June 10, 2021 12.26 pm This story is over 13 months old

Chief Constable praises “amazing response” from people and police over Louth stabbings

Fears of domestic violence spike as lockdown eases

Lincolnshire Police’s Chief Constable has praised the “amazing response” shown by officers and local people following the devastating murder of a mother and son in Louth last month.

In an interview with local democracy reporters, the police chief added to fears that domestic violence had increased behind closed doors as a result of lockdown.

Daniel Boulton, 29, was charged with the murders of Bethany Vincent, 26, and her son, Darren Henson, nine.

Both were found with stab wounds at their house on High Holme Road, Louth, on Monday evening, May 31.

Daniel Boulton has been charged with murdering his ex-partner Bethany Vincent and her nine-year-old son Darren Henson.

Lincolnshire Police tasered and arrested Daniel Boulton the next day after a manhunt which saw the suspect allegedly stab an off-duty officer.

Police did not believe there was a wider danger to the public and it was classed as a domestic incident.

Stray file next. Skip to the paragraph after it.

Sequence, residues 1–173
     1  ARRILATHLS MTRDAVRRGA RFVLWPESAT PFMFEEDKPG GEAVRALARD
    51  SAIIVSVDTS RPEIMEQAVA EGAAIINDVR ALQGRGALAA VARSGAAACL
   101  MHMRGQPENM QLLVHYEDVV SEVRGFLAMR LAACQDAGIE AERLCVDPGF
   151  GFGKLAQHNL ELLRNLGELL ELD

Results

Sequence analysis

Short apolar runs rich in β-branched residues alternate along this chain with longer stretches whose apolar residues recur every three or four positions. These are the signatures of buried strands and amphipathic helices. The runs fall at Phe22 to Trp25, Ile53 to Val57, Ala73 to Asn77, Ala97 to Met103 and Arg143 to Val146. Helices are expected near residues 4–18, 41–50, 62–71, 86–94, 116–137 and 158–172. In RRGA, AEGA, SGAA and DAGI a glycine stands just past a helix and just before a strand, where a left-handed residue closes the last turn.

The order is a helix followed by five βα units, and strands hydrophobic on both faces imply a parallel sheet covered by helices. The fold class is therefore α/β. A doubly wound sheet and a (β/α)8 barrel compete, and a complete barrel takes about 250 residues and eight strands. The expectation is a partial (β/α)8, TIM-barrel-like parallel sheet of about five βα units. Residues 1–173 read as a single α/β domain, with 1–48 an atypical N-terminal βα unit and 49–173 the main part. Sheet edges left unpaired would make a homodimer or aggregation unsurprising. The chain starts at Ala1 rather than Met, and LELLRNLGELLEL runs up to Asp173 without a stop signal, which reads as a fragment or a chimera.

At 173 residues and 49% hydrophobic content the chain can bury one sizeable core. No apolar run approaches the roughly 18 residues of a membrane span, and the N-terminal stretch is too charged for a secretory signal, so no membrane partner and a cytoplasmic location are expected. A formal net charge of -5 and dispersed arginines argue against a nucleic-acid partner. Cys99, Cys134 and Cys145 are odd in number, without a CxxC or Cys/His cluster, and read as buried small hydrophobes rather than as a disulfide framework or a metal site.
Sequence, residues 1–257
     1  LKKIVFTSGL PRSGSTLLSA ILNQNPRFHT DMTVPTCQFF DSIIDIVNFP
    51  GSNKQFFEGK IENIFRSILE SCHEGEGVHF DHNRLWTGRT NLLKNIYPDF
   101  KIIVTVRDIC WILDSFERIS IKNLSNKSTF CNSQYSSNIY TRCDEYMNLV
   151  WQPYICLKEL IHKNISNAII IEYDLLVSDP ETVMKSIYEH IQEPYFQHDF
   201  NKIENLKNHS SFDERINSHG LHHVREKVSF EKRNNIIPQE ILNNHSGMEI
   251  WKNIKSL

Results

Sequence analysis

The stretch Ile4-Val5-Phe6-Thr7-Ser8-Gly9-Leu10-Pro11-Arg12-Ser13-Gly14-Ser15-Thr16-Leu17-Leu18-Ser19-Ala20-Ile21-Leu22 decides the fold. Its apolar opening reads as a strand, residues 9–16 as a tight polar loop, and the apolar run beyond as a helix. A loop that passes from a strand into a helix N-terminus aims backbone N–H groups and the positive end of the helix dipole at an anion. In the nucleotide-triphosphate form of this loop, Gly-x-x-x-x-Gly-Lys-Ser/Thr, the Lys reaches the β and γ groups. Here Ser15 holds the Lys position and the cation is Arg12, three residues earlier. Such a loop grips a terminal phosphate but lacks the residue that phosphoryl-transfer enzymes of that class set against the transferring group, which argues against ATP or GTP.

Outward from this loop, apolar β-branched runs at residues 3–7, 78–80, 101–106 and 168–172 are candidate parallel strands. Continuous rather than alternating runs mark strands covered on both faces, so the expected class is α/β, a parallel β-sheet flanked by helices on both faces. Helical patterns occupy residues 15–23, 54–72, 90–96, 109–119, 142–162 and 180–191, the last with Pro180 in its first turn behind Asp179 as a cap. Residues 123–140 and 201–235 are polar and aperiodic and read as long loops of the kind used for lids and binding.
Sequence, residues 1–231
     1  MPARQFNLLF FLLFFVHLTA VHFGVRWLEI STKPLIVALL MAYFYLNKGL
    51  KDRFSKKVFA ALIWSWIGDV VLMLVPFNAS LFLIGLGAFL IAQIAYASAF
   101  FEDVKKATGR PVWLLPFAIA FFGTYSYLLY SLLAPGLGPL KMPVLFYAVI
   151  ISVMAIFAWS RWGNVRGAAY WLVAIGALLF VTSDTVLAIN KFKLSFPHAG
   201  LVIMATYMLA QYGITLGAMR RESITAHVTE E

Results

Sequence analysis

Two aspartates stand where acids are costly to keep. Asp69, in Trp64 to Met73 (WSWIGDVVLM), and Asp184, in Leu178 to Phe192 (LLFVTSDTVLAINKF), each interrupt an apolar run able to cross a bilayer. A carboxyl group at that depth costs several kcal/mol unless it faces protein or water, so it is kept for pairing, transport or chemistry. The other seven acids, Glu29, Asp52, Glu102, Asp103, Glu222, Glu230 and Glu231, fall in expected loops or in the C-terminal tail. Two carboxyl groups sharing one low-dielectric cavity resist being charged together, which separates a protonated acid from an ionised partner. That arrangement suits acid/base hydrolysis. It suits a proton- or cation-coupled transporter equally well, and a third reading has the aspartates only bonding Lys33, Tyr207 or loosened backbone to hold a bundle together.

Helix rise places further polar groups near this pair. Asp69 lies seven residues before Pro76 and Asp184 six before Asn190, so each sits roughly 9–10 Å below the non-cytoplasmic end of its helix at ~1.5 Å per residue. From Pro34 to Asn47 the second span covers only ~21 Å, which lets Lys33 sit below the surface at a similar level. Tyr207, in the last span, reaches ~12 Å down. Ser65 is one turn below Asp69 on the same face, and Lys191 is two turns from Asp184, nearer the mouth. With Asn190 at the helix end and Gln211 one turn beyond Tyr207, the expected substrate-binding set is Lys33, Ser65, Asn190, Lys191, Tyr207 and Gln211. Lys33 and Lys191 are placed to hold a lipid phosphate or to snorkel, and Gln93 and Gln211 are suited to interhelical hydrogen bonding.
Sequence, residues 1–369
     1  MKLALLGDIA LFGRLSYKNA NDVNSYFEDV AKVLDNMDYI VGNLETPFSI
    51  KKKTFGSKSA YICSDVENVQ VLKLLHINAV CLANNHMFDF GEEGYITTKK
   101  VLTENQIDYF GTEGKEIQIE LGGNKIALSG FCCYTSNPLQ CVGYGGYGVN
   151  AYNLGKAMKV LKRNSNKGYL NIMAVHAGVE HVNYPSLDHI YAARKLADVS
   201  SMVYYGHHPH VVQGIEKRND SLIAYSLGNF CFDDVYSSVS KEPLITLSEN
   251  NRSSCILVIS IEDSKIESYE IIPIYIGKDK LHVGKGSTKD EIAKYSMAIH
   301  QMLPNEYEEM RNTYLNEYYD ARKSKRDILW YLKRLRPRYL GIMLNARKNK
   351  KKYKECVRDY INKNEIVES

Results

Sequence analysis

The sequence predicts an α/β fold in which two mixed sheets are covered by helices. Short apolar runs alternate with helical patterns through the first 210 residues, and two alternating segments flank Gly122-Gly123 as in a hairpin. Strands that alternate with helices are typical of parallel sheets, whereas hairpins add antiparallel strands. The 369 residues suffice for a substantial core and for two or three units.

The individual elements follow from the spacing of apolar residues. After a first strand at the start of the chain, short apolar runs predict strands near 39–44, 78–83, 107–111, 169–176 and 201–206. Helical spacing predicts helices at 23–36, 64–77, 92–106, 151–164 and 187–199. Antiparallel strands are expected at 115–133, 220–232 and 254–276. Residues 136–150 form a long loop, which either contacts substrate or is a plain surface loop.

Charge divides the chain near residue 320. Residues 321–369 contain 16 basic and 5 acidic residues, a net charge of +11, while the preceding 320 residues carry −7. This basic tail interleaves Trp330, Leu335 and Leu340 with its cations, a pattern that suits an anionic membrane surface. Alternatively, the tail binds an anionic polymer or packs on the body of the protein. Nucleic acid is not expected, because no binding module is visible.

Chief Constable Chris Haward said in an interview about his ongoing strategy for the force: “Violent crime reduction is key for us and a huge part of that is about knife crime.

“The Louth incident in itself was actually a domestic incident rather than one that people would associate with guns and gangs.”

Lincolnshire Police Chief Constable Chris Haward. | Photo: Steve Smailes

Mr Haward said the Louth stabbings was an “awful incident” but there was “an amazing response from the community, from my police officers and my police staff, and those who supported us to make sure he was captured as quickly as possible without anybody else coming to harm.”

In relation to domestic violence issues in the county, he said: “We think there will be a spike as people come back out and start reporting, we’re obviously investing more resources into that investigation and our investigative qualifications as well.”

EDAN (End Domestic Abuse Now), a Lincolnshire charity offering refuge and support for domestic abuse victims, recently told reporters it had seen a 28% rise in referrals during the COVID-19 pandemic.

The charity launched a new pilot scheme off the back of “ever growing demand.”